AK - I earned my Masters Degree in Mechanical Engineering in Armenia, which didn’t open great employment perspectives at that time. The journey started when my friend and I started buying and selling mobile phones at the University, then I became an insurance agent, then a sales executive, all this in parallel with University. So when I graduated, I knew I had to do sales.
Magdalena Yesil - That explains a lot because engineering education teaches you how to think, and it doesn’t necessarily mean that you have to be designing a gadget. When you became a mechanical engineer, you just learned to think like an engineer, which is a huge talent.
AK- Agree, it helps tremendously with problem-solving, setting priorities and approaching issues. Magdalena, you were one of the first people to invest in The Cloud, which was a very risky thing to do 20 years ago. A question that I ask a lot of investors I know: how do you treat the money you invest in a startup? Do you consider it gambling?
Magdalena Yesil - First of all, I’m a big risk taker in business. I am willing to take big risks in everything I do. With my personality type, I am comfortable when I take a big risk, sometimes I win but sometimes I lose. I’m comfortable with either outcome, and the only way you can take risk is when you’re comfortable with losing the money. So the way I treat every dollar I invest is asking myself the question: how would I feel if it was all gone? Because most of the time that’s what happens. So if you don’t feel comfortable with writing off (that’s what we call it), you better not invest. But I don’t have an expensive lifestyle. I don’t travel in private jets. I don’t drive an expensive car, so I don’t have a lot of things I need to put my money into, except for businesses. What I’m focused on today is my own startup, so I’m not investing anymore. But my investment experience from the past taught me to cope with the idea of losing money and feeling OK about it.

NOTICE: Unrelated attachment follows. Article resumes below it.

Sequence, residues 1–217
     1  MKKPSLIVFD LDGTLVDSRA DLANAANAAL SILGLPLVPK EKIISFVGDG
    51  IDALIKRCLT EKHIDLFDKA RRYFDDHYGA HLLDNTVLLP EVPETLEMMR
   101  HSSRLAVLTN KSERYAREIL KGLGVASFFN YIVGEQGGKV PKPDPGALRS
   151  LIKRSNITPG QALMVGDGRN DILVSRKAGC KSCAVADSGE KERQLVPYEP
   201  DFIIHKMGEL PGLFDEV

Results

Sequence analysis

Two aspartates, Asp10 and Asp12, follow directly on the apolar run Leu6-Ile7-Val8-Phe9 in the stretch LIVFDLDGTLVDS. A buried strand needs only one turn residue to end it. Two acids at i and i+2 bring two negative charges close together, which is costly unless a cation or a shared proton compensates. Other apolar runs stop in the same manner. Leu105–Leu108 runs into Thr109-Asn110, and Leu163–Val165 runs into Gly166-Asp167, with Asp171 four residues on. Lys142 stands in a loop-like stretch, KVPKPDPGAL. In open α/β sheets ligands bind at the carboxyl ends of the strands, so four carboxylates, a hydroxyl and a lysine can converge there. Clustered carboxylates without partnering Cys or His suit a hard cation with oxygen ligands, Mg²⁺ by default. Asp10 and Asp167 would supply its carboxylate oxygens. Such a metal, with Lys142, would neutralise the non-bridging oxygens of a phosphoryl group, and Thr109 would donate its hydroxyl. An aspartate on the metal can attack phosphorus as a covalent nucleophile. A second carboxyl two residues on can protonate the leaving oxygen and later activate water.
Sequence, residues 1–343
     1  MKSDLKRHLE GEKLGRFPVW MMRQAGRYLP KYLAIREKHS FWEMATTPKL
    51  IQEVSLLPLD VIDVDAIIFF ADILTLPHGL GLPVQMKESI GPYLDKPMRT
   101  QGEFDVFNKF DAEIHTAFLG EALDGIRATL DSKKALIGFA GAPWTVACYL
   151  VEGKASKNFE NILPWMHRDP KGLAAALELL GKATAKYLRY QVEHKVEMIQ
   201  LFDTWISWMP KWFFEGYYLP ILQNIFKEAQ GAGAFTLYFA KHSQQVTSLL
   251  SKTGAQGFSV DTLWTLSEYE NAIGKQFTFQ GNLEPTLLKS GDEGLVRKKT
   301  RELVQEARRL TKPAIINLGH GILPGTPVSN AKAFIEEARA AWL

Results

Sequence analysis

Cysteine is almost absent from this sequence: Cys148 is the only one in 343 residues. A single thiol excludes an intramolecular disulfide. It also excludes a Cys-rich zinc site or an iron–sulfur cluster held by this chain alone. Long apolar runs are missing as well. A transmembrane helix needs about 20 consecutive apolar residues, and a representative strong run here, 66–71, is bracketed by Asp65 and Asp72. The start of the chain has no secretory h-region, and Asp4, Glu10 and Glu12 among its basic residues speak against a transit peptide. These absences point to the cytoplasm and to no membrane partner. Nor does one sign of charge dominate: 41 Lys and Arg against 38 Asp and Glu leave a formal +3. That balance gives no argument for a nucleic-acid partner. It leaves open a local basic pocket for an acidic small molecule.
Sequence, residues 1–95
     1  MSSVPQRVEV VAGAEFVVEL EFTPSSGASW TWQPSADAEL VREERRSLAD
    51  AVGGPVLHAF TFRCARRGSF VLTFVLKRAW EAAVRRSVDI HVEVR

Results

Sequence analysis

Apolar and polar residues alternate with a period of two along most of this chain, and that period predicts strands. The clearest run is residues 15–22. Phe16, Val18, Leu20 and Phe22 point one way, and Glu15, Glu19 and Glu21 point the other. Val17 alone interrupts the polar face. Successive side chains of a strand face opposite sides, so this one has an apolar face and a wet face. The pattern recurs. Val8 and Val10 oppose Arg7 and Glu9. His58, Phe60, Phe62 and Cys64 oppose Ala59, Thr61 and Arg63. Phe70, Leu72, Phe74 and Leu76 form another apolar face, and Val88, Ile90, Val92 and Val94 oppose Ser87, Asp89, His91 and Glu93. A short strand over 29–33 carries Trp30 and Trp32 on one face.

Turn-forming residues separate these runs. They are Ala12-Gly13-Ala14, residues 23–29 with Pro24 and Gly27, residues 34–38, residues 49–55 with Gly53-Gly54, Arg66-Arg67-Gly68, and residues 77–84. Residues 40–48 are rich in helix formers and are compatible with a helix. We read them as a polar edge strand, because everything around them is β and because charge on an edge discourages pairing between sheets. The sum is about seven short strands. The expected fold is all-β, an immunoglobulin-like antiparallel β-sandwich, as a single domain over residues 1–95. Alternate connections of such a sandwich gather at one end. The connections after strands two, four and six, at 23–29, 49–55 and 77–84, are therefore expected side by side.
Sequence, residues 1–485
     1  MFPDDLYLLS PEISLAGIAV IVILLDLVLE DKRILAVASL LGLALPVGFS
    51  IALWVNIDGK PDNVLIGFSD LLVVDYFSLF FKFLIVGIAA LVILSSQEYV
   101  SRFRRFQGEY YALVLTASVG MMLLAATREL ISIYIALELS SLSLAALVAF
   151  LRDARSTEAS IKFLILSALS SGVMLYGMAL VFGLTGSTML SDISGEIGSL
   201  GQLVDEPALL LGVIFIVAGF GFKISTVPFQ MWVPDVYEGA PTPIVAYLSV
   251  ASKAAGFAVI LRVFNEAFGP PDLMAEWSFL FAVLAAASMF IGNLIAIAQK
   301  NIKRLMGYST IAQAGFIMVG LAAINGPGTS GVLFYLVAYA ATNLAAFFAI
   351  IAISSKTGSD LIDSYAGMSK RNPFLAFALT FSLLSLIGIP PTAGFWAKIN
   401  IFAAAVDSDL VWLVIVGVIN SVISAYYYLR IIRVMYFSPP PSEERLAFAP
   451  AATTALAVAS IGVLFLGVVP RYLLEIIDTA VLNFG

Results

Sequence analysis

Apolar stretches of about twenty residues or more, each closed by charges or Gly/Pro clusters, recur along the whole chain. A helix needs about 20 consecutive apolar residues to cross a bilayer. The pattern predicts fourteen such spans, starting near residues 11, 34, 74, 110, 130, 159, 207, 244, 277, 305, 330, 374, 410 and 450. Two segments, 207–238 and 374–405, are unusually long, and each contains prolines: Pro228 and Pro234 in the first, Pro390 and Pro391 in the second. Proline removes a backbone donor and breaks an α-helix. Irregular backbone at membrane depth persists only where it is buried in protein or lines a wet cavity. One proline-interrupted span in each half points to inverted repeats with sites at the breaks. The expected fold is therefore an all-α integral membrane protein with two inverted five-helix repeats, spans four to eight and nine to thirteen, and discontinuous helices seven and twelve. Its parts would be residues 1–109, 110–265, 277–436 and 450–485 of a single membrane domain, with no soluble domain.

AK- A lot of people compare investing with going to Las Vegas.
Magdalena Yesil- I don’t go to Las Vegas, I don’t gamble. I think that gambling is a very bad analogy because in Las Vegas you might think you have control but you only have a chance, and business is a lot more than just chance, it's a process, it's execution. Of course, there is an element of chance. Politics can change, the market can change, the founder might even die, but most of the time in business it's business execution.
AK - And what about treating the money a certain way? In investing you pay to get a return, in gambling you “pay” for the time you spend.
Magdalena Yesil- I invest with the one and only objective - making money in return to the risk I take. I don’t invest to have fun or hang out with certain people, just be nice to people or to please my friends. Those are all bad reasons to make an investment. I invest to make money, but most of the time I know I won’t make money.
AK - My next question will be about the exit. I’ve done a couple of startups, failed all of them, thinking to do a new one. I picture an exit as a big check and a lot of free time, and a big temptation to buy luxury stuff. What did you feel after the first exit?
Magdalena Yesil - Nothing. After my first exit, my life didn’t change one tiny bit, I continued working just like before. I remember I came home and told my mom that my company had an IPO, and she said: “but your kids don’t eat enough fruit.” She could care less.